The existing leases currently pay royalties of roughly $12 billion a year. About half of that money goes to the states—leaving more than enough to provide $200 million a year for the Energy Department, according to the White House’s reckoning.

But this is not a scheme that Obama can impose by fiat. To set aside a chunk of that money for clean energy research would require Congressional action. And Congress is sure to have ideas of its own when it comes to funding for clean energy research, access to oil and gas on public lands, and spending to set land aside for conservation—for decades another principal use for royalties.

In general, SAFE’s approach comports well with the president’s broad energy prescriptions, which he likes to sum up in the phrase “all of the above.” He slipped the phrase into his speech to Congress, although it was not in the written draft released by the White House moments before he spoke. And even as he pledged to take actions to confront climate change, he promised to “keep cutting red tape and speeding up new oil and gas permits.”

Sen. Lisa Murkowski of Alaska, the ranking Republican on the Senate Energy and Natural Resources Committee, was quick to support the president’s plan—but, like SAFE, she said it should expand drilling to restricted areas.

“I proposed this idea in my Energy 20/20 blueprint that I released last week,” she said in a statement released the day after the president’s speech. “Under my Advanced Energy Trust Fund proposal, new production on previously closed federal lands could provide a substantial source of new revenue to fund research on the most promising new energy technologies, while paying down the national debt. I intend to get to work on this as soon as possible.”

New Funding Would Support Ambitious Ideas

Friedman, of the Union of Concerned Scientists, said Obama’s proposal would significantly increase the amount of money the administration has been able to set aside for green technology—about a 10 percent increase in Energy Department spending for energy efficiency and renewables overall, he estimated, and a 25 percent bump in the transportation account.

But Roland Hwang, an energy and transportation expert at the Natural Resources Defense Council—in a blog post calling the clean fuel research spending “an excellent idea”—said it should be paid for not by diverting royalties, but by eliminating subsidies for the oil and gas industry, which run into billions of dollars a year.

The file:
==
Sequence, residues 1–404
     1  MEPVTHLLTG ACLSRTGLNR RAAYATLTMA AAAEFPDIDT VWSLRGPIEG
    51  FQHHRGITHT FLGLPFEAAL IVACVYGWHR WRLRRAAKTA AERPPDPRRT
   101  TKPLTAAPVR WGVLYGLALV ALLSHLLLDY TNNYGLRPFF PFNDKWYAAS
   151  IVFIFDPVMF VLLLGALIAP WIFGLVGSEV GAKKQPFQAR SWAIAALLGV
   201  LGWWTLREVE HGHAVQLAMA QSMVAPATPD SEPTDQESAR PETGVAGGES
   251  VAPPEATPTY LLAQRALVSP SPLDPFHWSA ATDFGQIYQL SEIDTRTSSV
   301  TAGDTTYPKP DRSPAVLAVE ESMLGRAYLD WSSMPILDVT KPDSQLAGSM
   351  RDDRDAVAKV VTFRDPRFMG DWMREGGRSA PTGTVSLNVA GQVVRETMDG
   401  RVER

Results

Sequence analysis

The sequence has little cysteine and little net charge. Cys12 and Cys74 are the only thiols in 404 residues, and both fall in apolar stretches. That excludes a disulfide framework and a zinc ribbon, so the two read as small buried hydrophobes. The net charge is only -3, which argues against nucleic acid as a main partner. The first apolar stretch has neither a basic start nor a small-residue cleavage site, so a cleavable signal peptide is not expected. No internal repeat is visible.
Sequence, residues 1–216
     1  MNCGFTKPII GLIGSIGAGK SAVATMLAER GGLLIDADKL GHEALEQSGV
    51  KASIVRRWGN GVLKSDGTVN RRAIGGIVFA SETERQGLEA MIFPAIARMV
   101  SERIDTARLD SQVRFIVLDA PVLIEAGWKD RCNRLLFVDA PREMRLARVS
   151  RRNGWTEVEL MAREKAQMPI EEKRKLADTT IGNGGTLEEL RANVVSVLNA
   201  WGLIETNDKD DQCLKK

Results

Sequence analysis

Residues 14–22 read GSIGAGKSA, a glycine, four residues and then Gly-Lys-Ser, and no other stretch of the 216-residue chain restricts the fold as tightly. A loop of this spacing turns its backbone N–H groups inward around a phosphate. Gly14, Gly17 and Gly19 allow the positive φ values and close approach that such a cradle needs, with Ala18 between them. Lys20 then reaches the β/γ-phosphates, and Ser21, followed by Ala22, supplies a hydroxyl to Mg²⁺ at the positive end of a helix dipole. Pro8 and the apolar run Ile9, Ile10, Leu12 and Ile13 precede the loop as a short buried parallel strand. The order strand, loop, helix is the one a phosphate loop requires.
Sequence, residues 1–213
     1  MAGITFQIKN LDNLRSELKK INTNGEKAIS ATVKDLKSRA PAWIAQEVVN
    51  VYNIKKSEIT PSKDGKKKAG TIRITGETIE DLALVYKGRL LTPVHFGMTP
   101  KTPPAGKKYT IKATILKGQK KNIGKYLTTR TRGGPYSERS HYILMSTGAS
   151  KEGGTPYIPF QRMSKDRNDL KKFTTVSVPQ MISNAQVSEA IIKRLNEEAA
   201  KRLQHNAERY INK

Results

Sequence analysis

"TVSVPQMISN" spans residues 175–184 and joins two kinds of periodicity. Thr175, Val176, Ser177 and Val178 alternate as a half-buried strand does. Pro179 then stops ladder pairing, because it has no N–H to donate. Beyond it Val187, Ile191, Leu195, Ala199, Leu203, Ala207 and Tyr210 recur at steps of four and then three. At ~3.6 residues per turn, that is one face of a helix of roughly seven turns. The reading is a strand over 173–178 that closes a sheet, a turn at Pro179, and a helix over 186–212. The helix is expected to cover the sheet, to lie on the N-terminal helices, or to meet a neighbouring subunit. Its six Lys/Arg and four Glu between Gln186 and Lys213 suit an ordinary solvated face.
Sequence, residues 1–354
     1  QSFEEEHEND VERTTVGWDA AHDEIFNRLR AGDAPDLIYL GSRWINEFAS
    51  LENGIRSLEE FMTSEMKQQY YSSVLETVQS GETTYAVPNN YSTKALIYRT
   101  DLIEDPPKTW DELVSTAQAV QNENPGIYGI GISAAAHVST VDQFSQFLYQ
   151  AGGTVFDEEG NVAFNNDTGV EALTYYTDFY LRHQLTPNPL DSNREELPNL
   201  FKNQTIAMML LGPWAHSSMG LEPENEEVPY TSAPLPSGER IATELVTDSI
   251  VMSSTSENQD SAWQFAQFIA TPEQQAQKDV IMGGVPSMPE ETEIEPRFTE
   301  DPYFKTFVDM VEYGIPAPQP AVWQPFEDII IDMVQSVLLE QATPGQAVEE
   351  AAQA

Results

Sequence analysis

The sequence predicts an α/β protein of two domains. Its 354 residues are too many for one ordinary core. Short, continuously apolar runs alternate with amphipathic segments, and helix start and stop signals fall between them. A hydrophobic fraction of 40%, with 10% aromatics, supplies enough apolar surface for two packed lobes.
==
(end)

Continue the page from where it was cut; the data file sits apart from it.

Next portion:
The research would focus mainly on improving batteries. But it would also address such obstacles as lightweight materials, lubricants, and biofuels, and, down the road, fuel cells running on hydrogen.

The most notable goal, a project called EV Everywhere, is “to be the first nation in the world to produce plug-in electric vehicles that are as affordable for the average American family as today’s gasoline-powered vehicles within the next ten years,” said David Danielson, assistant energy secretary for renewables, in a message last month.

“I am more convinced now than ever that we can capture this opportunity, and I am committed to making the strategic investments necessary to get there.”

It is the kind of R&D that has long been a staple of Energy Department budgets under Democrats and Republicans alike, and that the Obama administration emphasized throughout its first term.

Under the stimulus spending program at the start of the administration, the Energy Department had lots of money to spend on innovative research. But that budgetary bulge has ended, the current year’s budget has allowed no growth, and like the rest of the government, the agency could face sharp cuts in the months ahead.

“Establishing a guaranteed source of funding will allow the Energy Department to maintain targeted and sustained investments that are catalytic and directly advance U.S. energy security,” said a White House fact sheet on the new proposal.

Conservationists Also Want Royalty Money

Advocates of expanding conservation lands for public use are already raising their eyebrows at the notion of establishing “guaranteed” uses for drilling royalties. They say that for decades Congress has broken its promises to set aside royalties from offshore drilling for the Land and Water Conservation Fund.

Under a long-standing law governing offshore drilling, LWCF is authorized to get $900 million a year from drilling royalties. But like any other spending program, that is subject to annual appropriations bills.

According to the Land Trust Alliance, a coalition of conservation groups, Congressional appropriators “have consistently withheld much of that funding, shortchanging the program by some $17 billion over the past 46 years.” Obama managed to get $432 million added to the fund in 2010, before Republicans seized control of the House. But the annual contribution has been reduced since then, and like all federal spending, prospects for the rest of this year are uncertain.

A bipartisan group of lawmakers has been pushing legislation that would offer a “permanent fix” for the land conservation fund’s problems—in effect, giving the program a dedicated stream of royalty income, just as Obama is proposing to do for electric-vehicle research. It would make the full $900 million available each year without further appropriation—an ironclad guarantee that would prevent that portion of the royalties from being diverted to clean cars, to deficit reduction or for any other purpose.

Partly because the Land and Water Conservation Fund is shared with state and local governments for popular recreational uses, it enjoys broad bipartisan support, and its backers will be jealous of any attempt to divert this money to other purposes.

So they, too, may have to be accommodated if a deal is ever to be struck.